Burbank school counselor program could be revived after a decade

Burbank school officials this week considered reviving a position that hasn't existed for more than 10 years, but it would initially be funded by parents and not available to all schools.

In the 1990s, guidance counselors served students across the district, working with them in small groups or individually in classrooms or on playgrounds.

But the district did away with all of those positions in 2004.

At the end of last school year, two elementary principals suggested bringing back the guidance counselors.

Jennifer Meglemre, principal at Roosevelt Elementary, and Sandra De Barros, principal at Jefferson Elementary, suggested sharing one counselor and paying for the position with funds raised by PTA and booster clubs under a one-year pilot.

Parents at each of the schools have already raised about $30,000 each, according to a district report. Meglemre said the parents had previously set aside the money to pay the salary of a computer lab technician, but that position is now funded by the district.

With that money already available, the principals hoped they could use it to pay for the counselor, who would meet with at-risk students, those who frequently miss school or visit the nurses' office on a routine basis.

Meglemre said she often sees students who have run into trouble with others on the playground, but it can be difficult to follow up with them because of other priorities and time constraints.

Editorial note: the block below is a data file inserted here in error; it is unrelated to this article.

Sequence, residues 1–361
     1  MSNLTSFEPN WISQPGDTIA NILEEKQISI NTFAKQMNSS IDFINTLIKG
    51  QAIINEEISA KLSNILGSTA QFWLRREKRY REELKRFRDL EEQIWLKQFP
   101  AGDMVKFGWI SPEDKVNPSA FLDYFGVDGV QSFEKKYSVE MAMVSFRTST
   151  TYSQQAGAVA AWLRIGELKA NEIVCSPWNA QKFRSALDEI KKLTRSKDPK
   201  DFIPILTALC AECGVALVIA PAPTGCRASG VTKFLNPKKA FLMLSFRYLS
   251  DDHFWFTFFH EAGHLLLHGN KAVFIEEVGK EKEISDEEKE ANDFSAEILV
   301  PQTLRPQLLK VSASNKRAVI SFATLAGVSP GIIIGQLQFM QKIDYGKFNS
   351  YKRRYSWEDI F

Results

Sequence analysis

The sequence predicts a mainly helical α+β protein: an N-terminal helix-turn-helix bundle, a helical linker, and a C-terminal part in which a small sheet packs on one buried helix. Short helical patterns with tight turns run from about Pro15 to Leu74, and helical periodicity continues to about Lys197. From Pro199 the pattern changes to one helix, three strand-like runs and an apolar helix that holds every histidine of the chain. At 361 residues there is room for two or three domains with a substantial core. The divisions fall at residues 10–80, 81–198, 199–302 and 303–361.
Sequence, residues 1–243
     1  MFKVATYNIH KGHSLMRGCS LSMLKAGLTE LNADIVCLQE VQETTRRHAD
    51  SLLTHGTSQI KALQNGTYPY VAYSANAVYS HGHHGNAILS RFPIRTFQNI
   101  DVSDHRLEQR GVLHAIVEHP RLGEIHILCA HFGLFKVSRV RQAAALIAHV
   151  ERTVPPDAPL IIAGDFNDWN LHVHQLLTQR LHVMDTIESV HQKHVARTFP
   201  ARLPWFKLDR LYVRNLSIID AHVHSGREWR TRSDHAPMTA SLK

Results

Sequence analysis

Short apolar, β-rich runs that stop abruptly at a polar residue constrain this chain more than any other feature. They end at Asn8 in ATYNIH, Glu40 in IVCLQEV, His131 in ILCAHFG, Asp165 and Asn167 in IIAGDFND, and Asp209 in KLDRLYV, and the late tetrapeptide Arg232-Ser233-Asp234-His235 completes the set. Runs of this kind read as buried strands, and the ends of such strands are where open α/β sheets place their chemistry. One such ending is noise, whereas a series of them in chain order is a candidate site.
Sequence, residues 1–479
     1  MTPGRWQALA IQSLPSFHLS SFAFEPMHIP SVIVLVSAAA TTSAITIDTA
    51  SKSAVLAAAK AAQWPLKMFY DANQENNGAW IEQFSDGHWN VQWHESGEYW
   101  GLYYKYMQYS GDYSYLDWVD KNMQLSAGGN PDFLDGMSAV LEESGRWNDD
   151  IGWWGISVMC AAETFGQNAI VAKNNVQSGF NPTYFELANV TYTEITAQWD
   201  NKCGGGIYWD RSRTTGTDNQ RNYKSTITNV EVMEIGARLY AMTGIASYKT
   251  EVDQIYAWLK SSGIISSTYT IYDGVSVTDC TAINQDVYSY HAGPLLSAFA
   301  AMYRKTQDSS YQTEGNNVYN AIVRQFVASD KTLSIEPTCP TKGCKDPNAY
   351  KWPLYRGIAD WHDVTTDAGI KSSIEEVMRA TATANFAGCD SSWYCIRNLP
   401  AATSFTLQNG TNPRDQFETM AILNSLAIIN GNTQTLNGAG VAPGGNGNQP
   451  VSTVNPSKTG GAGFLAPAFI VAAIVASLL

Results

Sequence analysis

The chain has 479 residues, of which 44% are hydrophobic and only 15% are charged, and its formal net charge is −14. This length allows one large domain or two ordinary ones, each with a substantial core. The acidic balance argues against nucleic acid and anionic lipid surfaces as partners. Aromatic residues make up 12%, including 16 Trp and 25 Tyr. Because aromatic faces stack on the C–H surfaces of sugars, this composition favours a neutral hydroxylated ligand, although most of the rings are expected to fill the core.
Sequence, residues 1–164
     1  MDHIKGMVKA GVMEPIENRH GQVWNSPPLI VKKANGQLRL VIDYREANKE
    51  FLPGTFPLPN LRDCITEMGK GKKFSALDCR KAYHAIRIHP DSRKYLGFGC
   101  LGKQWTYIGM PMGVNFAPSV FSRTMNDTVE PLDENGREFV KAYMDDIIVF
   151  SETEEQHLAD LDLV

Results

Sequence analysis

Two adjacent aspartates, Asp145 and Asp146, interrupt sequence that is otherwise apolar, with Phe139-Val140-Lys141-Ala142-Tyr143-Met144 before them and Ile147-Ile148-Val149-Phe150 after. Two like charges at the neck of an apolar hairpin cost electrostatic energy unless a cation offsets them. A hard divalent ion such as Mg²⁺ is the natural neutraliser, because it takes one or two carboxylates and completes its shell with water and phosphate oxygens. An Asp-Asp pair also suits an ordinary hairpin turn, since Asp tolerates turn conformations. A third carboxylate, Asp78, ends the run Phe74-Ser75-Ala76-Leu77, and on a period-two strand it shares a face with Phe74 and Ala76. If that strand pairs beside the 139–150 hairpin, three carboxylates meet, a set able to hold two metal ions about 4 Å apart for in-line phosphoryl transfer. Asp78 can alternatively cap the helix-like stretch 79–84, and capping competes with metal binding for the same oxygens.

"There are kids that come to me after recess because they've had some conflict with another student on the playground and they're brought to me for discipline and I end up doing conflict resolution with those kids…a couple weeks later, they're back again," she told the school board on Thursday. "What really needs to happen is there needs to be somebody in between that is checking in with them."

While school board members recognized the need for the position, some were concerned about the lack of equity it could create because the guidance counselor won't be available to all 11 elementary schools in the district.

"When you talk about the welfare of kids and things that are going to benefit and enhance their opportunities for success, it should be universal in the district, not just where it can be afforded," school board member Dave Kemp said.

Even so, other members supported the test run. "Sometimes you just need to do something and see how it goes, and it's perfectly OK to tweak things, in my opinion, as you go along," school board member Charlene Tabet said. "I'd like to see you give it a try."

School board president Roberta Reynolds and member Larry Applebaum urged Meglemre to return to the board with specific ways the schools could measure the pilot's success.

Meglemre said she would monitor how many times students visit the principal's office and nurse, saying that children's stomach aches often manifest from their anxious feelings over certain academic struggles. She said she would also keep track of their attendance and discipline records.

Assistant Supt. Tom Kissinger said the schools could also survey parents and teachers about the effectiveness of the counselor, if the position is approved by the school board.

Board members will review creating the position in the coming weeks.

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